However, in contrast to conventional chunking, the mid-file synchronization of the invention allows the portions following an error to be maintained as available to other peers in the swarm, as the later portions maintain identity via the mid-file synchronization method, as illustration in FIG. 8.

With reference to FIG. 9, a mechanism which could be used as an alternative to the mid-file synchronization shown in FIG. 5 is to divide the file into portions or chunks by time (temporal chunking) removing the need to realign all the portions following the loss of a packet.

In this embodiment the boundary points are at regular intervals based on the PCR values. If a peer's chunk is missing packets, a gap is left before the next chunk starts. The peer does not typically advertise having this incomplete chunk available.

Advantageously, temporal chunking has the advantage over the fixed size method that it is robust against packet loss, as the chunk boundaries are defined by the PCR values rather than by absolute offsets from the start of the file. As illustrated in FIG. 10, the loss of a packet from a portion only affects that portion, and subsequent portions are maintained as available to peers for download.

In addition, as the PCR packets can be accessed through the recorded metadata, direct access is allowed to the chunk boundaries rather than having to search for the PCRs at the fixed length boundaries. Furthermore less network traffic is required as the inter-peer traffic is not required to provide synchronization.

For this temporal chunking method a time period is selected, which will depend on the average bit-rate of the content, to give a reasonable sized chunk of content to download from each peer. A single peer is selected to produce a chunking map, from its local copy of the content.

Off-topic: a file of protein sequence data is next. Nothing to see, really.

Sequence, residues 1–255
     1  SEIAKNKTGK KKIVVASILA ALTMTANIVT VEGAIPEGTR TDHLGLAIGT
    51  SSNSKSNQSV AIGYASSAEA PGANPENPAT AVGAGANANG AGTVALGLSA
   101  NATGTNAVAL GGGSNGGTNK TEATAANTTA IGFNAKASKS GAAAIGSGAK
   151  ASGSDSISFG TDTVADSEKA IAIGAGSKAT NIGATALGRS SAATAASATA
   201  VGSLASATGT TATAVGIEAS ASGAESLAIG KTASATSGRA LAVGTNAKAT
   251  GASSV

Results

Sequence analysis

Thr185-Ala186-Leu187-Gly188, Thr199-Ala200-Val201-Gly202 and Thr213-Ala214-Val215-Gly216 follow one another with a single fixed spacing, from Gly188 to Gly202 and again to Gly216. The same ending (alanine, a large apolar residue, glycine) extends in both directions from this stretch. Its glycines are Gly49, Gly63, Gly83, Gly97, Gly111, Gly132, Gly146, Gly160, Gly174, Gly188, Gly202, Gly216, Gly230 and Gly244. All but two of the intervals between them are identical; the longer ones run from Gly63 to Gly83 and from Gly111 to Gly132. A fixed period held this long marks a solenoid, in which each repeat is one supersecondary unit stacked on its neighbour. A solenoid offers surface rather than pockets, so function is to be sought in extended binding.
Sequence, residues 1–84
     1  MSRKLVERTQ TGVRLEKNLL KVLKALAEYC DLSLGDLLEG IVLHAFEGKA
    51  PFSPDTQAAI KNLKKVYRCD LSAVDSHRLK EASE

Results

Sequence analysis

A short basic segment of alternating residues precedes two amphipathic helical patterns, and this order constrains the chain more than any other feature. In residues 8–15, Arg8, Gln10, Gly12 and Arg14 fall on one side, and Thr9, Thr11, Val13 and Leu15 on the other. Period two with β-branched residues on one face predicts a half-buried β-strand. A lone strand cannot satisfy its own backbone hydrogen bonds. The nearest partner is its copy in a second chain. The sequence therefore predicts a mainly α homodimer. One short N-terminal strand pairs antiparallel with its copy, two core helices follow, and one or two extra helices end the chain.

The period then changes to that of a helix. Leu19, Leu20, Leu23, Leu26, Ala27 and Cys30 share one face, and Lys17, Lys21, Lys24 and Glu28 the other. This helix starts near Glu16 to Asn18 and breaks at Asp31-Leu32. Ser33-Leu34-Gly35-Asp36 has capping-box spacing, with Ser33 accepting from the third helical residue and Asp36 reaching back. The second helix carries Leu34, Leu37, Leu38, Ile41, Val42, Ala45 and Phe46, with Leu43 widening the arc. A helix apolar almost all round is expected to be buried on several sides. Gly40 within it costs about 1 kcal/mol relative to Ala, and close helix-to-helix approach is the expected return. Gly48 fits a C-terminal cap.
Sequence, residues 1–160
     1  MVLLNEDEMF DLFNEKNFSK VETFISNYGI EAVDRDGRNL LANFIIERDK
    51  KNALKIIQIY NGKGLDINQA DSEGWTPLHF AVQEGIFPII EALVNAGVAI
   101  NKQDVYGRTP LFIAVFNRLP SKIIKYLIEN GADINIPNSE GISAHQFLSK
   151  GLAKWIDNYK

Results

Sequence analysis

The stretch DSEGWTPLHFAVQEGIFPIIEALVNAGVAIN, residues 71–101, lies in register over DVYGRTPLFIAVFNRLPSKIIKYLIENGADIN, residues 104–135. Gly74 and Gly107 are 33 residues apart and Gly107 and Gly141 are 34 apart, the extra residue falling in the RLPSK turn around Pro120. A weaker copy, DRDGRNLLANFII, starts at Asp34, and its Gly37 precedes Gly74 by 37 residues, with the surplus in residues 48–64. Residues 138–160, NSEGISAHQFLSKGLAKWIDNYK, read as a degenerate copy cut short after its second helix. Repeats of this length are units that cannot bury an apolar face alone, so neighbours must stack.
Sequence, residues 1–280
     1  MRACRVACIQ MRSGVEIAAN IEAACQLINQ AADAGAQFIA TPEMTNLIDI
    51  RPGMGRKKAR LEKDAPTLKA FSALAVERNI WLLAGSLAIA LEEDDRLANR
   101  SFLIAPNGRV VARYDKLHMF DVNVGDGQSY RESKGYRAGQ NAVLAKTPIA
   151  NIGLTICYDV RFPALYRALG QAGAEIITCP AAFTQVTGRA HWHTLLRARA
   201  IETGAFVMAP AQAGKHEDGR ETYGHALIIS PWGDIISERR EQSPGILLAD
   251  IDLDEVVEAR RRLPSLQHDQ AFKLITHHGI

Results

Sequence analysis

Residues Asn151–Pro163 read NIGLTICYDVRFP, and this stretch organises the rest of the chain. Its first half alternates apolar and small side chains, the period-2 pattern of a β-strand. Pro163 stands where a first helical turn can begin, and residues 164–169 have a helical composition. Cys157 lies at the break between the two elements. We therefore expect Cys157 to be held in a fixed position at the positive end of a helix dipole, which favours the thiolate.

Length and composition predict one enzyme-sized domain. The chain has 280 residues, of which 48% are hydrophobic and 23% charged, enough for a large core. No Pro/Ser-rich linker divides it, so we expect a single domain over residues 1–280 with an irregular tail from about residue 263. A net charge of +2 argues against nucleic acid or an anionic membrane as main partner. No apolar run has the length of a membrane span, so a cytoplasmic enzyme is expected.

At each temporal boundary point, for example one minute, the peer looks for the next PCR value after that time. In systems which record meta data, the meta data could be used to save searching for PCRs in the recording.

Depending on the type of peer to peer system being implemented determines what happens to the chunking map. For example:

    • In BitTorrent the map would be sent to the tracker, and distributed as peers join the swarm. The peers will the use this chunk map to define the boundaries of the chunks, for calculating the hash values and for selecting which part of the file to download.
    • In Gnutella the map would be sent to the downloading peer, the downloading peer would use this information to formulate its HTTP GET requests to the other peers on the network.
    • Alternatively for a system which has central control of the peers, the map could be sent to that server, to control the download process.

One possible disadvantage of this mechanism is that the chunk size could vary significantly. However, care could be taken to ensure that the largest of the chunks are either subdivided or allocated to peers with higher bandwidth availability.

With reference to FIG. 11, the topology of a staggered synchronization is illustrated, which helps reduce the delays that may be associated with trying to synchronies a number of BDRs due to inter-BDR communication, and due to the inherent delays caused by such communications occurring via the Internet. BDRs are synchronized in a series of levels or layers, with each new layer synchronized by the layer before it

The peer which wishes to perform the download synchronizes a small number of say four first level BDRs, and at this point the swarm can be started and so the download can commence. The first level BDRs now synchronies a second level of BDRs (the IP addresses or which are provided by the Synchronization and directory server) which after synchronization join the swarm. There is no requirement for the second level BDRs to communicate any synchronization information to the downloading peer. The size of the swarm is controlled by the synchronization directory server.

It will be appreciated by persons skilled in the art that the present invention may also include further additional modifications made to the device which does not affect the overall functioning of the device.